And the packet that had been addressed to him and left in the waystation. Isobel allowed herself to admit that more than curiosity weighted the desire to open the letter; she was envious of the letter itself, the connection to someone who thought of him while he was not there.

Not that she expected Marie to write to her, or any of the others at the saloon, since she had not written to any of them. She wasn’t April, to compose long letters for reading out loud to everyone, after chores were done. What could she say to them; what was she allowed to say?

The Left Hand was the silent knife, not the garrulous one.

In the midst of what Isobel admitted was a bout of unadmirable self-pity, Uvnee suddenly snorted and bucked in alarm, nearly knocking Isobel off her feet.

“What now?” Isobel rested a hand on the mare’s neck to calm her, even as her own heart raced, glanced about for what spooked the mare. There were no trees close enough to hide a threat, nothing overhead in the sky save clouds, and the wind smelled of nothing except sage and?—her thoughts broke off abruptly as the ground underneath them . . .

Flexed was the only word she could think of. It flexed like a snake slithering sideways through the grass, a fish flipping through water, as though the very bones of the earth had gone soft like a pudding.

And then it stopped, leaving her feeling as though she were the one wobbling, not the ground below.

Her breath caught, the skin on her arms prickling in unease.

“That . . . was unpleasant,” she said to Uvnee, who rolled her eyes backward, the whites showing, and flicked her ears, this time as though to agree, but she hadn’t bolted. “Good girl.” Isobel leaned against the mare’s trembling flank, an arm over the crested neck as much for her own support as the mare’s, and tried to calm her breathing. If that had been what the others had felt when they described the ground moving below them, she could not blame them in the slightest for being upset.

Isobel had lived through storms before; she knew that wind and water were unpredictable. But stone and dirt were meant to be solid, dependable. They did not refuse to answer; they did not suddenly move.

Then Uvnee snorted again, half-turning toward the road as though in anticipation. Isobel braced for another quake before realizing that the sound the mare was responding to was hoofbeats.

Jumping-Up Duck’s people did not have horses, and the sound was too deep for it to be their goats returning. Panic turned to planning, and she turned, trying to gauge the distance between herself and her pack on the ground, the musket and knife still out of reach.

Then the sound came closer, and she recognized the shape of horse and rider, and the long-eared mule following close behind.

Isobel had been trained to stand back, to judge, to observe, but the moment Gabriel dismounted, she rushed at him, flinging her arms around his waist, knocking her jaw against his shoulder. There was a hesitation, his body jerking back, then his arms came over her shoulders and she was surrounded by the smell and feel of familiar.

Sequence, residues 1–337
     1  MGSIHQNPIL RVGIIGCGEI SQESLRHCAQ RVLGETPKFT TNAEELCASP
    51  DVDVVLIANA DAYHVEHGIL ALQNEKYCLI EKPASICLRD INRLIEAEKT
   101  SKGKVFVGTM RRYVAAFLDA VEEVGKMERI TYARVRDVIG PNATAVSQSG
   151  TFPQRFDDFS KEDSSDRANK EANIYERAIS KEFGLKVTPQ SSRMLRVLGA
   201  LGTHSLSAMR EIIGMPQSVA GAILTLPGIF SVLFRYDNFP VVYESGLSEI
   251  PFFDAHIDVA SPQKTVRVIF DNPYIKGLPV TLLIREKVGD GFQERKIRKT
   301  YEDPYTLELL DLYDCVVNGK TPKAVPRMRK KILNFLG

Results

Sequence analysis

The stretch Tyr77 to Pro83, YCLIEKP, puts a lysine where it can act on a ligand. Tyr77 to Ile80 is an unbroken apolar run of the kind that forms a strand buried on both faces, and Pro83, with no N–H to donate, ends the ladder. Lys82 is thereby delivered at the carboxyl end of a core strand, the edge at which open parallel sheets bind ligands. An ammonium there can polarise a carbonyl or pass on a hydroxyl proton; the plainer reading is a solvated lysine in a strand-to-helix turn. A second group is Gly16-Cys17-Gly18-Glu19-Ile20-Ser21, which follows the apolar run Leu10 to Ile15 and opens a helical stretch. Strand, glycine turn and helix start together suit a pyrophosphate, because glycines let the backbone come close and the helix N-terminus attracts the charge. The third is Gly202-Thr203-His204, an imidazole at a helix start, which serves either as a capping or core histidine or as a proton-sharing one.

He didn’t say anything, just let her rest her face against the rough fabric of his coat. She was sure the others had broken off from whatever they were doing, were watching, but she couldn’t bring herself to care. A warm, whiskered muzzle shoved against her leg, and she shifted one hand to dig into the mule’s rough coat, feeling its side shuddering as though they’d been running for too long.

“You were late,” Gabriel scolded her, finally, his voice dry as dust.

She wiggled free, indignant, then rubbed at her face, letting out a faint laugh. “You found me.”

“I found you,” he agreed. The skin around the scar on his face was stubbled, as though he’d had trouble shaving around it, and his dark blue eyes looked more tired than they had before, when she’d left him to rest. Guilt spiked through her, unfamiliar and unwelcome.

He pulled back a little, looking over her shoulder at something, then back at her carefully. “Something’s wrong.”

“I . . . No.” Yes. But she couldn’t explain it, couldn’t add to that exhaustion with things he couldn’t fix. Instead, she gripped him by the sleeve of his jacket, pulling him forward.

“Jumping-Up Duck. This is my mentor, Gabriel Kasun, known as Two Voices.”

The older woman gave Gabriel a thorough once-over, then lifted her gaze to meet his own. He took his hat off and stood quietly, his hands clasped behind his back, shoulders at ease. Isobel had become so accustomed to him wearing that battered, flat-crowned hat from morning to night, it was a shock to see the sunlight catch on his hair, picking up glints of gold in the dark brown, the edges of it curling over his collar. The claw mark was more visible from the side, where the scar tissue lifted from the tanned skin of his cheek, and she found herself staring at it, then had to shake herself to look away.

“You are welcome” was all the older woman said, then turned away without introducing the others, who had hung back a few paces. Isobel was surprised, but Gabriel didn’t seem offended, instead turning to her, hat still in his hand.

“Let me get the animals settled, and then you can tell me what’s going on, hmmm?”

The gelding and mule were quickly unpacked and picketed to graze with Uvnee, who seemed to have forgotten entirely about the ground moving beneath her hooves. Steady, once he was assured of a picket next to the mare, settled down as well, but the mule remained uneasy, pushing its muzzle back into Isobel’s hand before finally lowering it to graze.

“How did you find me?”

Gabriel hesitated, then dusted the brim of his hat against his thigh. “I had a visitor to camp,” he said. “Lean, dusty fellow.”

Isobel raised her gaze to the sky, seeing only pale blue overhead. “The Jack.”